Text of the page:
Back to basics with natural remedies

Home remedies for minor ills are worth their weight in gold, if you know the right ones. Here are a few useful remedies to help you breathe easy, and a handy list to help guide any future remedies.

Back to basics with natural remedies

Nettle and hay fever

If you have access to fresh stinging nettle (it's a common garden weed), wear gloves when harvesting and washing the leaves. Add 110 grams (four ounces) of the leaf to 1.5 litres (six cups) of boiling water. Lower heat and simmer until the water turns green, then strain through a fine sieve into a large teapot. During hay fever season, drink a cup of nettle tea in the morning and one in the evening, sweetening it with honey if you like. Studies have yet to definitively confirm the efficacy of stinging nettle (Urtica dioica) for treating hay fever, but legions of people swear by the nettle's powers to ease runny noses and watery eyes.

Salt water sniffle-stopper

Here's a homemade spray that will flush allergens from your nasal passages. The isosmotic solution parallels the concentration of salt found in the body, making the spray mild but effective.

This spray works best at room temperature. Discard any unused solution after two days or it may become contaminated.

  • 950 ml (1 qt) water
  • 15 ml (1 tbsp) chamomile tea
  • 10 g (2 tsp) salt
  1. Place water in a medium saucepan. Add tea and salt and bring to a low simmer.
  2. Stir until salt is dissolved, then let cool to room temperature.
  3. Pour solution into an empty nose spray bottle. Spray twice in each nostril as needed, holding the other nostril closed each time.

What does it mean?

You probably already know the meaning of many of the words in this list, not all of which apply only to herbal remedies. But when it comes to self-treatment, having a fuller grasp of the terminology becomes all the more important. Here's a great place to start:

  • Active principle A plant chemical proven to have a medical effect.
  • Antiseptic A substance that prevents or stops the growth of microorganisms that cause infection.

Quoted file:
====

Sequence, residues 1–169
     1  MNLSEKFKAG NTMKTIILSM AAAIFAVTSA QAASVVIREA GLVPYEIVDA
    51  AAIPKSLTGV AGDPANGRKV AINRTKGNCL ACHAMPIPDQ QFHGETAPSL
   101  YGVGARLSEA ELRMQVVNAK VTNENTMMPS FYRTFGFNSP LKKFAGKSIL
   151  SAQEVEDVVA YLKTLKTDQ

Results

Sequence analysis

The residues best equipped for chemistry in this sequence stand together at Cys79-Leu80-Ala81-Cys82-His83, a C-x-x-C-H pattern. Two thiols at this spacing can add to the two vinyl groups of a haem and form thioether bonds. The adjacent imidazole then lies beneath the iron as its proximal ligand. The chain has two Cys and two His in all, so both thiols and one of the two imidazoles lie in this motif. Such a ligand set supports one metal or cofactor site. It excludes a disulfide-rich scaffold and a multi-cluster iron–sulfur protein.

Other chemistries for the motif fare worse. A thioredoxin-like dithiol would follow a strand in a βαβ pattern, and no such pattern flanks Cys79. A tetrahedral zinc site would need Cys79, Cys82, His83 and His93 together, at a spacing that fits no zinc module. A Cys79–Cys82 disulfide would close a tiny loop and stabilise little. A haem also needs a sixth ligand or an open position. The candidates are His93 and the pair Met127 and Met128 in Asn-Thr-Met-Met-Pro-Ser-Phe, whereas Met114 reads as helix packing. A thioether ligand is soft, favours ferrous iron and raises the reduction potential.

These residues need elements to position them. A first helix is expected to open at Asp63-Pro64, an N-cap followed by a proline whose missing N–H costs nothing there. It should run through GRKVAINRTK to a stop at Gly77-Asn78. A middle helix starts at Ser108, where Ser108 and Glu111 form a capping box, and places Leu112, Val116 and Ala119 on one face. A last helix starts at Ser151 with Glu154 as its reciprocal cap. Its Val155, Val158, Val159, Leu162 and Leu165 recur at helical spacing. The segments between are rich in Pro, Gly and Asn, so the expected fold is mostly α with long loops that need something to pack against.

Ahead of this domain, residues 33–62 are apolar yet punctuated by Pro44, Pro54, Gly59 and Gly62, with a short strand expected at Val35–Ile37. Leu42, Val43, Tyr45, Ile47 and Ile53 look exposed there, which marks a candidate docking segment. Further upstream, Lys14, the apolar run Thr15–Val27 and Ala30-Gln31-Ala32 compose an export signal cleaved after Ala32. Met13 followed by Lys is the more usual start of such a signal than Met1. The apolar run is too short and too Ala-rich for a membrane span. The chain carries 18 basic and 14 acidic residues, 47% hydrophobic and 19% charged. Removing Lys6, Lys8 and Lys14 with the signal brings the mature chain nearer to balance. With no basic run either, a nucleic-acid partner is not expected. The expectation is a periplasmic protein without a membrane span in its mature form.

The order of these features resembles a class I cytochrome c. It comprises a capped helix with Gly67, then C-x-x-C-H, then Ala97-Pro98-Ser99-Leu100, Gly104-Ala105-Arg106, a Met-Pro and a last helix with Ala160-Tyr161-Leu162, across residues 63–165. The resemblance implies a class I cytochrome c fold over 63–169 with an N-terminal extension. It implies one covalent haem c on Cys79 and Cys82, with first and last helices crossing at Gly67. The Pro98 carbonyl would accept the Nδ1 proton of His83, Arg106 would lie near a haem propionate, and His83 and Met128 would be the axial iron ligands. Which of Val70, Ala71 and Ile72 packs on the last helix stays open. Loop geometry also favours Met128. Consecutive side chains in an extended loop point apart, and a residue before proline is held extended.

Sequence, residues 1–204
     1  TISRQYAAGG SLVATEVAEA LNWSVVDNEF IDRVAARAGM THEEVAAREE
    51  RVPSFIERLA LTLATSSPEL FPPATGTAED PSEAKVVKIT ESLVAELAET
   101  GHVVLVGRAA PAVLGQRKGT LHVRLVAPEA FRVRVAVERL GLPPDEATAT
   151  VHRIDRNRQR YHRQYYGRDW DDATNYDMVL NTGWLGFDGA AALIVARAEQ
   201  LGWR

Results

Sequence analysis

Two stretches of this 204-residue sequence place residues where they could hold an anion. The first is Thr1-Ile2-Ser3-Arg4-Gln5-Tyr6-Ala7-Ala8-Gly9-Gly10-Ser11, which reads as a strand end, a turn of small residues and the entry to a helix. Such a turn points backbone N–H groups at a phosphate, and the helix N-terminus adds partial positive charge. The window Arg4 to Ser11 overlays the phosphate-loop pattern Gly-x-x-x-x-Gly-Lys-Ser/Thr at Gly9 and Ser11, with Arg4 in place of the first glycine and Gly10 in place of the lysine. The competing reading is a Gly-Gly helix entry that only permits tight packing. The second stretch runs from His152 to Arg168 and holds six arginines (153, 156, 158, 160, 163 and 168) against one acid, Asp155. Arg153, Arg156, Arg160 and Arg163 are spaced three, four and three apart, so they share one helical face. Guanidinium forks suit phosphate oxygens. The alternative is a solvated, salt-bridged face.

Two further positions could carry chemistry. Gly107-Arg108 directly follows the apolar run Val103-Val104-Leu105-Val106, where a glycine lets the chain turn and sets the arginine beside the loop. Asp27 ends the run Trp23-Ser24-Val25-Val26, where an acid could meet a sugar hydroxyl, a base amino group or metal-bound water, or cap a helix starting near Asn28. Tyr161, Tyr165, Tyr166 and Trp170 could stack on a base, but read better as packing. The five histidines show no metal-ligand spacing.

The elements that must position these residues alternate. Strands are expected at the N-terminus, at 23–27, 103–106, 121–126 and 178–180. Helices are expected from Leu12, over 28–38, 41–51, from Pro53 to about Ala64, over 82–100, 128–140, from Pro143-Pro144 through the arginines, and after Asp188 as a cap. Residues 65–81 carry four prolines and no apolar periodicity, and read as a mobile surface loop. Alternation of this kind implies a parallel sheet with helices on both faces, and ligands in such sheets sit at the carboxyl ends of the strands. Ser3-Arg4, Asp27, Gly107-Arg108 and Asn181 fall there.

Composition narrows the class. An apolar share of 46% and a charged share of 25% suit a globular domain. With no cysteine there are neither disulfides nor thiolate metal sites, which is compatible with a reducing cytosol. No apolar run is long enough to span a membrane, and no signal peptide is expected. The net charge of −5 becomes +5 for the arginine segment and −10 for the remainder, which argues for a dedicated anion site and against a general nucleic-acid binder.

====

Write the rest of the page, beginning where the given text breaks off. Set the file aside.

• Astringent A substance that draws together the soft tissues, such as skin or mucous membranes.
  • Decoction A drink or liquid extract made by boiling plant bark, roots, berries or seeds in water.
  • Diuretic A substance that increases the flow of urine.
  • Emollient A substance that softens and soothes the skin and mucous membranes.
  • Essential oil A plant oil that vaporizes readily and is often obtained by steam distillation; used interchangeably with volatile oil.
  • Expectorant A substance that loosens and helps to expel phlegm.
  • Infusion A preparation in which flowers, leaves, or stems are steeped in water that is not boiling.
  • Liquid extract Concentrated infusion made by soaking an herb in distilled water, grain alcohol, or glycerin for a long period.
  • Mucous membrane Lining of a body passage, such as the throat, that protects itself with secretions of mucus.
  • Photosensitivity Sensitivity to sunlight, resulting in a rash or burning sensation, brought on by ingestion or application of certain substances.
  • Plaster Gauze or cloth in which medicine has been wrapped. A plaster is applied to the skin.
  • Poultice An herbal preparation that is usually applied directly to the affected area to relieve pain or swelling.
  • Purgative A very strong laxative.
  • Tannins Astringent and bitter compounds found in the seeds and skins of grapes, which slow oxidation and aging.
  • Tincture An herbal liquid extract that generally involves macerating the herb in alcohol.
  • Volatile oil A plant oil that vaporizes readily and is often obtained by steam distillation; used interchangeably with essential oil.
  • Wash A liquid herbal medicine preparation for external use.

This ABC of natural remedies will help you understand what you need the next time you're looking for a natural remedy.

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